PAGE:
FAQs and Basics

Here, you will find answers to common questions about kettlebells.

Q: What is a kettlebell and where did it come from?

A: A kettlebell is a free weight that looks like a bowling ball/canon ball with a looped handle at the top.

Although many kettlebell enthusists debate the exact origin of the kettlebell, by most accounts, the kettlebell came from Russia. They were almost exclusively used in the former Soviet Union and other Eastern Bloc countries as a means of getting in shape. In Russian, it is called a "girya."

According to Jason C. Brown, creator of Kettlebell Athletics.com, kettlebells first appeared in the Russian dictionary in 1709. The Russians first used kettlebells as a standard weight in agricultural settings and in marketplaces where a 15-pound kettlebell would be on one side of a scale and 15 pounds or so of wheat would be on the other. Eventually, Russians started exercising with them and then lifting kettlebells became a sport among many strongmen in the early 1900s.

In 1980, the former Soviet Union created a Kettlebell Committee and chose the kettlebell as a piece of nationalized health care equipment to raise the general fitness preparation of the country's population so that it would lower health care costs.

Q: When did kettlebells first come to America, and who brought them here?

A: Pavel Tsatsouline, a former conditioning coach for the Russian special forces "Spetsnaz", is usually credited with introducing kettlebells to the U.S. in the early part of the 2000s. Pavel is a well-known fitness celebrity and his kettlebell training programs have created several spin offs.

Q: How do kettlebells differ from using other free weight pieces of equipment like dumbbells and barbells?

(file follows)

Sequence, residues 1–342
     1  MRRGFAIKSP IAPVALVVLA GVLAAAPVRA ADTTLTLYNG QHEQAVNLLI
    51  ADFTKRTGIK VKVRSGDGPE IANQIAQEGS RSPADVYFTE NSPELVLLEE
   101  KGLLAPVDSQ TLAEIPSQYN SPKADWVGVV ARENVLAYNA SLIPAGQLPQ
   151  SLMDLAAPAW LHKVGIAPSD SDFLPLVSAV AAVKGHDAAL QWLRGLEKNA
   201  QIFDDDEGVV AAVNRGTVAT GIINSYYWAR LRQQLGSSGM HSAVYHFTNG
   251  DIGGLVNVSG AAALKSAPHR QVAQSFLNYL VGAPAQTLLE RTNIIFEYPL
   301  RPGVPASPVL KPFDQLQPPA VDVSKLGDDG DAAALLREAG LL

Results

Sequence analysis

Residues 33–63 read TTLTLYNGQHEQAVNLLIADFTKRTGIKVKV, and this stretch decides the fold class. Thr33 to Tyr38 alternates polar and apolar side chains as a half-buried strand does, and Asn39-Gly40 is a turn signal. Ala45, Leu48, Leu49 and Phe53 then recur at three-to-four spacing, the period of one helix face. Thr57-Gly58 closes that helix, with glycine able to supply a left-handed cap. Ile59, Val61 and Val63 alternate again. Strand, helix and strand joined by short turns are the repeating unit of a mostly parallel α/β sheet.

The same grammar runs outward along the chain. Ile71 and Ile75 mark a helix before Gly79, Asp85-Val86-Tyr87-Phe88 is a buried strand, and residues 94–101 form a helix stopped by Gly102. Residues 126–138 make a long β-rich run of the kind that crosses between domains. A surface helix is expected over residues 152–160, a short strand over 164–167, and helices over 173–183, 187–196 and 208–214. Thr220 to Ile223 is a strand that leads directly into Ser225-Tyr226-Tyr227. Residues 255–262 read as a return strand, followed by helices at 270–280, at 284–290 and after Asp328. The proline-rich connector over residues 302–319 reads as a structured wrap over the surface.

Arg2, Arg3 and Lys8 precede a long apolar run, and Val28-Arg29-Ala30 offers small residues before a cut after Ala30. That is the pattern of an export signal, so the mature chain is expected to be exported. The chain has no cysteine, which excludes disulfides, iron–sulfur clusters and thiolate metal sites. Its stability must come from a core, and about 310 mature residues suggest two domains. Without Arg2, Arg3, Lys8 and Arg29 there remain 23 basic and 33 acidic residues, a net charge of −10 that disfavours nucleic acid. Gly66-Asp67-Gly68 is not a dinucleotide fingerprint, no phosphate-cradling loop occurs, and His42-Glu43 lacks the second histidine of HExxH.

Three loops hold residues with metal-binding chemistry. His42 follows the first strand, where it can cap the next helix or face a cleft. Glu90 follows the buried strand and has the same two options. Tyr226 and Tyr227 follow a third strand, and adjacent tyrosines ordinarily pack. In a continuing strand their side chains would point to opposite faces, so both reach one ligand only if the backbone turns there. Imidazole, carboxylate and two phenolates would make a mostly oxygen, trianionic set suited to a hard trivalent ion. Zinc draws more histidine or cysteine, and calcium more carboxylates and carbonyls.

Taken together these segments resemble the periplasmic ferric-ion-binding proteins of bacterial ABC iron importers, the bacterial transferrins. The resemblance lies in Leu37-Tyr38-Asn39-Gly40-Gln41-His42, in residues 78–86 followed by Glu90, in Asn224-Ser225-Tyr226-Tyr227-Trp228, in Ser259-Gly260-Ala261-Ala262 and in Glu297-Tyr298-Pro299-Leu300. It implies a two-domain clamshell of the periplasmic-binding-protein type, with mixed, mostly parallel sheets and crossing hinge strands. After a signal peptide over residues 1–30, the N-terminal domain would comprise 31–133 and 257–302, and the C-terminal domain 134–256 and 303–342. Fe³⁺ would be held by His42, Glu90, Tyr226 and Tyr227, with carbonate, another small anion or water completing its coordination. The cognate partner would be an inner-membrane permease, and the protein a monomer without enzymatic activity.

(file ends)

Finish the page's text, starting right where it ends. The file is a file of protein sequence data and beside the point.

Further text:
A: Kettlebells differ from most free weights in that in addition to traditional pushing and pulling exercises that you can do with dumbbells, kettlebells often rely on swinging movements that combine cardio with strength training.

Q: What are some of the benefits of using a kettlebell?

A: One major benefit to training with kettlebells is its versatility. In kettlebell training, it is very easy to go from one exercise into the other without having to put the bell down and adjust another piece of equipment on the other side of the gym.

Q: Where can I buy kettlebells?

A: Most sporting goods stores and even discount stores like Walmart sell them. The heavier the weight, the more expensive the kettlebell.

Q: Whenever I try the snatch or clean exercises, the bell smacks me on the wrist. What can I do to make it not smack my wrist?

A: The most important piece of information about using a kettlebell is being proactive. When you perform exercises like the snatch or the clean, you have to have your hand move around the bell, not the bell move around your hand. To do this, you want to flick your wrist right when the bottom of the kettlebell is about to become perpendicular with the floor.

For more information about kettlebells, check out the additional resources page.